So this is grief, well. Sat at the kitchen table with all your joys and your miseries sleeping and snoring about you and you sat there wondering what to do for your breakfast…He closes the eyes and tries picturing her, her face, before that, while she looked healthy still. It’s a blank but, the brain doesn’t want to go there, so he sits with the eyes closed just. A moment of peace. You keep on. What else can you do? You keep on.
Ross Raisin begins his novel “Waterline” in the midst of a gathering of friends and family — but not an occasion of joy or celebration — rather for the wake of Mick Little’s beloved wife Cathy, who has perished after a long and painful battle with cancer. He stands in his house staring at the sympathy cards acquaintances have sent — at the words that cannot express what so profoundly must be shared — and wonders “what’s next?”
Soon the guests begin to depart, and within a week, so too do his sons, his daughter-in-law, as well as the “highlanders,” his wealthy brother and sister-in-law. In the absence of company, Mick begins to determine what, exactly, is next. But this question becomes one with which he cannot answer, as it means planning a future without Cathy, and so he does everything in his power to avoid the question altogether.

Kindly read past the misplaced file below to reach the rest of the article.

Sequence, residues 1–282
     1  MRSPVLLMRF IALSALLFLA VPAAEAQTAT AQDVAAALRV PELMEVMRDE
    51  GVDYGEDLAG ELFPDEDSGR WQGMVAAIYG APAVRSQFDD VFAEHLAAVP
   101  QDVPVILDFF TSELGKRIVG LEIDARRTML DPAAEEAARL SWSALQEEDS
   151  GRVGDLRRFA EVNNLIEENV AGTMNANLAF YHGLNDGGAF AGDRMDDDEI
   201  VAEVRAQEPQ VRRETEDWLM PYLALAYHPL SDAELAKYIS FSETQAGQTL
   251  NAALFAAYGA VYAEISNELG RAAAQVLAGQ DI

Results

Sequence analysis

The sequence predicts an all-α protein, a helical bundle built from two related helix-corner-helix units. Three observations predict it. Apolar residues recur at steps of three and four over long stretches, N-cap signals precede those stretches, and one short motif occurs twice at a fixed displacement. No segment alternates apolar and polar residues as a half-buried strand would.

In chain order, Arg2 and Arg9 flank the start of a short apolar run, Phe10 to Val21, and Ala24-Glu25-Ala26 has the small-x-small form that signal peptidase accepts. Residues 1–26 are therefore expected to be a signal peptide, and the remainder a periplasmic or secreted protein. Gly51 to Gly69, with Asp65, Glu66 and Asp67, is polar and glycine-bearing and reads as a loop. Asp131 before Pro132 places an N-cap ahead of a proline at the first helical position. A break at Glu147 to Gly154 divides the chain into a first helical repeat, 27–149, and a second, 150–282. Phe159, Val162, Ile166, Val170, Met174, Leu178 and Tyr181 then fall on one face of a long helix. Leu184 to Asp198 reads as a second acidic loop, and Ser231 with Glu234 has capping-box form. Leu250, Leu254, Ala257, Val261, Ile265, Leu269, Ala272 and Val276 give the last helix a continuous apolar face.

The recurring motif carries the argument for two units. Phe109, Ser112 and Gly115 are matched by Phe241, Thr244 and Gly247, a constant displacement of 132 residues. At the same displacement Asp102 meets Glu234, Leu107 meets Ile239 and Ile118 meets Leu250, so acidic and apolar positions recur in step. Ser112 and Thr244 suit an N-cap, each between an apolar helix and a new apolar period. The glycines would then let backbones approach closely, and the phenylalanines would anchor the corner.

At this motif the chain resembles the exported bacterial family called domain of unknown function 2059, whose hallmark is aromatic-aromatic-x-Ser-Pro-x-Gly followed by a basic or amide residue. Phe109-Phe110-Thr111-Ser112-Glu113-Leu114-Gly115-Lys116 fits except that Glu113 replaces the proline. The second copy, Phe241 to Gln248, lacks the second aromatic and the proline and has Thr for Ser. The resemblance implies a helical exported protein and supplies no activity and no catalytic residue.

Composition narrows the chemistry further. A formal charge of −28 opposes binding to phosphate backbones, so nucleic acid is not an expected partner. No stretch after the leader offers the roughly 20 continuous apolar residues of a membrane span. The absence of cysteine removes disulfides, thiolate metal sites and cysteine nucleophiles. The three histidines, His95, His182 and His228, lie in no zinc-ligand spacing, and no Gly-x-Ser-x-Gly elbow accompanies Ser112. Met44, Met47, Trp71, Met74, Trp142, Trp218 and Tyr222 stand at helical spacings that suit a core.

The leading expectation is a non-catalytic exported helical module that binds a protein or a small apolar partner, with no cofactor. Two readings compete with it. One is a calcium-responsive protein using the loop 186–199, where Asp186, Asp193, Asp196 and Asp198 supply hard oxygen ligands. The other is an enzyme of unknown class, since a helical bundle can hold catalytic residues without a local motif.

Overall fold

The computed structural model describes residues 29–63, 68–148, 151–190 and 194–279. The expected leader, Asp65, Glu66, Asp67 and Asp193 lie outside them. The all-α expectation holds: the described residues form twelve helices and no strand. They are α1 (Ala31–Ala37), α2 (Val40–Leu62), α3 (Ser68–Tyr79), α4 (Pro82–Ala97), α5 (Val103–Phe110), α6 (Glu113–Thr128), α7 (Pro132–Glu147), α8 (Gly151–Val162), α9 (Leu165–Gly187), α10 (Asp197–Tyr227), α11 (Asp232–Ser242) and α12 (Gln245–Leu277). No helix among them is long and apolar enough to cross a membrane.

But with the refusal to make a plan without his wife — with his inability to cope with feelings of responsibility for her death — he is forced to make short-term decisions, such as what to do when the money runs out, where to go when he no longer has work, where to sleep the night when he’s without a bed, or a roof for that matter.
As a shipyard worker in Glasgow, Mick understands that it was he that brought home the asbestos that caused his wife’s cancer, and he begins to ask the question we all inevitably ask when a loved one perishes — why them and not me?
While Raisin is wise to sprinkle humor in even the most unlikely of situations, if you’re looking for a pick-me-up, I advise you to move on. But if you’re searching for a truly masterful story about the power of grief, as well as the process of pulling one’s life together stitch by bloody stitch, I must say — Raisin is a master of his craft, and the story is not one you’ll soon forget.
Check out Raisin’s reading of “Waterline,” as he attempts to don the dialect of a Glasgowian shipyard worker:
Sarah Aylward received a copy of “Waterline” by Ross Raising from the U.S. publisher, Harper Perennial.